At Gourock
Gourock
a ship heads for the container cranes at Greenock, passing the Caledonian MacBrayne
Caledonian MacBrayne
Dunoon
Dunoon
ferry. Across the firth MV Kenilworth leaves Kilcreggan
Kilcreggan
for Helensburgh.

Container cranes at Greenock's Ocean Terminal, with the berth occupied by the cruise liner Golden Princess.

The Firth
Firth
of Clyde like the River Clyde
River Clyde
has historically been an important centre of shipbuilding and shipping. In addition to the shipbuilding and engineering centres up river of Glasgow, Govan, Clydebank, Dumbarton
Dumbarton
and Renfrew
Renfrew
the lower river developed major yards at Greenock, Port Glasgow
Port Glasgow
and smaller ones at Irvine, Ardrossan, Troon and Campbeltown
Campbeltown
and boatyards including Hunters Quay, Port Bannatyne and Fairlie. Ferguson Shipbuilders
Ferguson Shipbuilders
yard, adjacent to Newark Castle, Port Glasgow, remains. Greenock
Greenock
is the site of one of the world's largest dry dock and ship-repair facilities at Inchgreen. The dry dock there is 305 m long and 44 m wide and is operated by Northwestern Shiprepairers Limited using the name Scott Lithgow, although unrelated to the famous Port Glasgow
Port Glasgow
Scott Lithgow shipbuilding company.[citation needed] The Firth
Firth
of Clyde has one of the deepest sea entrance channels in northern Europe, which can accommodate the largest Capesize
Capesize
vessels afloat, and as such the Clyde is one of the UK's leading ports, handling some 7.5 million tonnes of cargo each year. Hunterston Terminal was constructed to bring in bulk ore, but now mainly deals with coal imports.[citation needed] Supertankers up to 324,000 tonnes travel up the firth to deliver crude oil to Finnart Oil Terminal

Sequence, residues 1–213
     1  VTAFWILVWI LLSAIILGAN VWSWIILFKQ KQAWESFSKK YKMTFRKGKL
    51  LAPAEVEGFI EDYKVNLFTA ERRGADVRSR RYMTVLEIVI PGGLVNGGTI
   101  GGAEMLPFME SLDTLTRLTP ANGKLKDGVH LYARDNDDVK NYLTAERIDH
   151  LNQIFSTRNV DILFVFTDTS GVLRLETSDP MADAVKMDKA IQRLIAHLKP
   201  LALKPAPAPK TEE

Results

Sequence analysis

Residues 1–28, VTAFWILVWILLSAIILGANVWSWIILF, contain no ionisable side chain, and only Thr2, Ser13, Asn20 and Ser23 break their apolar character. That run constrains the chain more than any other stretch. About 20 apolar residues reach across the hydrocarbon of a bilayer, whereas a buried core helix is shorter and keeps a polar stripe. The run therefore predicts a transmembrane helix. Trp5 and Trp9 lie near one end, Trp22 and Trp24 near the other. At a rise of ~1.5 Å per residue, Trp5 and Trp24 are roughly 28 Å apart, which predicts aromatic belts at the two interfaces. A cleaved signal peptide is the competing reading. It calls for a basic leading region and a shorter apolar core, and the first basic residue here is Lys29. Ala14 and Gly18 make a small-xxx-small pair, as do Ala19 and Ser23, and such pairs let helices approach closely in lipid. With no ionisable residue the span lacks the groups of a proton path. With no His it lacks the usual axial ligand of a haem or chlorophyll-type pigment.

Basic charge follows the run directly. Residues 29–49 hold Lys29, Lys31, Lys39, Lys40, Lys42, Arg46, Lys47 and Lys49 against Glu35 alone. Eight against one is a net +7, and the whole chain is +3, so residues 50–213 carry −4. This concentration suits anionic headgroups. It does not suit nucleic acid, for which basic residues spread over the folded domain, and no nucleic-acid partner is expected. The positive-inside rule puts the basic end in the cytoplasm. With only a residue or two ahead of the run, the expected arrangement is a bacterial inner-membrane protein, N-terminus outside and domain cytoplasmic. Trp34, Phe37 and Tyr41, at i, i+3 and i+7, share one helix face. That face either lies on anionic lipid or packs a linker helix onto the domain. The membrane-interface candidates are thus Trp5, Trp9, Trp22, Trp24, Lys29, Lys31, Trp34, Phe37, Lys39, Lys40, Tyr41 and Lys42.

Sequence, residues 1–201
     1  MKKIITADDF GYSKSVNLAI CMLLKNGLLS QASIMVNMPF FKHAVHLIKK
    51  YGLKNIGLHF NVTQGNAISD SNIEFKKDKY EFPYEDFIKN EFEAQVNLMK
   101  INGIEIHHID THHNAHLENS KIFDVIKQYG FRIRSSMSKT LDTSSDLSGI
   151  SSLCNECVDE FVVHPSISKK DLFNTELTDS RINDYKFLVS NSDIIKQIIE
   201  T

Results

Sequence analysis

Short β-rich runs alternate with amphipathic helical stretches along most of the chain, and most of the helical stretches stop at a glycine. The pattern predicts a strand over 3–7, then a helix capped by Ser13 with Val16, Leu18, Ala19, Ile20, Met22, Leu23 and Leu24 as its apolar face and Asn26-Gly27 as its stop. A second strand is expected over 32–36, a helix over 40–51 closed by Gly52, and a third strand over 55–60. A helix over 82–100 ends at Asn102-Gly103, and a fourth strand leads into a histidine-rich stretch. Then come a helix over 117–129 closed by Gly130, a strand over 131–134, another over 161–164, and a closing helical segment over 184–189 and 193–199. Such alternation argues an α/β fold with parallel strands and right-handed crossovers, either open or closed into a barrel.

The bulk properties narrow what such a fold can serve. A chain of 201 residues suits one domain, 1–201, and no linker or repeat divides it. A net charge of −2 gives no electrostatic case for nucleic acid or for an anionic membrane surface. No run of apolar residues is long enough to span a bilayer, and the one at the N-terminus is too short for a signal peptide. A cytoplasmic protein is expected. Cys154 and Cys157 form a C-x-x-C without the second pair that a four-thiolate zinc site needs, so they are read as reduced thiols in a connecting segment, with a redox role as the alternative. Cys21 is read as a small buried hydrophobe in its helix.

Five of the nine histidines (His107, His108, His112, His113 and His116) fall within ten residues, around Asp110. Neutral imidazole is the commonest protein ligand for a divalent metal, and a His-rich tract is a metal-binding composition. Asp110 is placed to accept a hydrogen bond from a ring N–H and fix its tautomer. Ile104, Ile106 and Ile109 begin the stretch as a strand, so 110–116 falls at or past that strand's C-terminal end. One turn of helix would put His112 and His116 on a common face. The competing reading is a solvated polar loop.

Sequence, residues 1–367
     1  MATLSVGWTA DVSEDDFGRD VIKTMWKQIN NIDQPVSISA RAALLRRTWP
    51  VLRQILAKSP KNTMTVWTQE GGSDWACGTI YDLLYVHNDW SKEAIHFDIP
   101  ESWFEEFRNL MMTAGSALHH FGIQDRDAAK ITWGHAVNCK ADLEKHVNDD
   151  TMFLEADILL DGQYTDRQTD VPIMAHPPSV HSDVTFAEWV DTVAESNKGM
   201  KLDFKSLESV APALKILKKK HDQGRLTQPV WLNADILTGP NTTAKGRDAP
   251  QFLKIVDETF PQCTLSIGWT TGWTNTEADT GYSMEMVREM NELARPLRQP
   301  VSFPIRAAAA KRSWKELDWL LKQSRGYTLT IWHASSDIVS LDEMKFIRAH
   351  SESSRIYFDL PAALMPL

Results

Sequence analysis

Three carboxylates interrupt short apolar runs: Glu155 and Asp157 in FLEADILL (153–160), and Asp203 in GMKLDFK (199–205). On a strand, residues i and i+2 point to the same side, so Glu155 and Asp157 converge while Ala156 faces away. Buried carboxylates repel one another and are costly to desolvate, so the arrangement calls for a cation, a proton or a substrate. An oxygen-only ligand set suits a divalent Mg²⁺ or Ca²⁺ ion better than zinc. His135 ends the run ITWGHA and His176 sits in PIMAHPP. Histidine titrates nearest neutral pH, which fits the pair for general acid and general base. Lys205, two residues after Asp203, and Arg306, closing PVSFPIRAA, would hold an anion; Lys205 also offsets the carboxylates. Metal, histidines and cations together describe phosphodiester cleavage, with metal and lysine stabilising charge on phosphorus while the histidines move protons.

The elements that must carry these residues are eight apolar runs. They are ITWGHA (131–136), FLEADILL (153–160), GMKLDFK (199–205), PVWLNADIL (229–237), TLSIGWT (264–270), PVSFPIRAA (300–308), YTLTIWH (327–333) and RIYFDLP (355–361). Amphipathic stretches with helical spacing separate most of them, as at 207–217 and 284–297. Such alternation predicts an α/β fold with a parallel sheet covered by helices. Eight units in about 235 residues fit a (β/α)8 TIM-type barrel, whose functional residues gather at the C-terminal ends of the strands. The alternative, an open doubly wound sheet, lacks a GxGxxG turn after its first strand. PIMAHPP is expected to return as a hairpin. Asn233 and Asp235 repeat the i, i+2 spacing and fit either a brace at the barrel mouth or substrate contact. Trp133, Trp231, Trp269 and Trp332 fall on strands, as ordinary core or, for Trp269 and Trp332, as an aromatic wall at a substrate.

Finnart Oil Terminal
in Loch
Loch
Long, which is connected by pipeline to the Grangemouth Refinery on the Firth
Firth
of Forth. A second pipeline brings back refined oil products for export in smaller oil tankers, mainly to Northern Ireland.[6] Greenock's Ocean Terminal facility handles cargo from smaller container ships. More recently, regular cruise liner traffic has built up, making the port very busy in season. Clydeport, North Ayrshire Council and Scottish Enterprise
Scottish Enterprise
propose a £200m international deep-water container terminal, also at Hunterston, which would effectively act as a worldwide gateway port, and possibly become the major container port for the northern half of Europe. Initial environmental and economic impact studies are currently being undertaken.[citation needed] The Royal Navy
Royal Navy
has a significant presence on the Clyde, at HMNB Clyde on the Gare Loch and on Loch
Loch
Long, connected to the nuclear stores in Coulport and Glen Douglas. The dockyard engineering and operations are managed by Babcock International, while one of the three main ports providing marine services support vessels is at Greenock, previously operated directly by the Royal Maritime Auxiliary Service. Lighthouses and navigation beacons[edit]

The Gantocks

There are lighthouses at:

Cloch
Cloch
Point on the Inverclyde
Inverclyde
coast.[7] Toward
Toward
Point on the Southern tip of the Cowal
Cowal
Peninsula.[8] Little Cumbrae[9] Pladda[10]

There are navigation beacons at:

The Gantocks
The Gantocks
Rocks and Navigation Beacon, off the coast at Dunoon, Cowal
Cowal
Peninsula.[11]

See also[edit]

Islands of the Clyde

References[edit]

^ C.Michael Hogan. 2011. Irish Sea. eds. P.Saundry & C.Cleveland. Encyclopedia of Earth. National council for Science and the Environment. Washington DC Archived June 2, 2013, at the Wayback Machine. ^ "Home". visitcowal. 2014-06-20. Retrieved 2017-02-07.  ^ "Welcome to Argyll
Argyll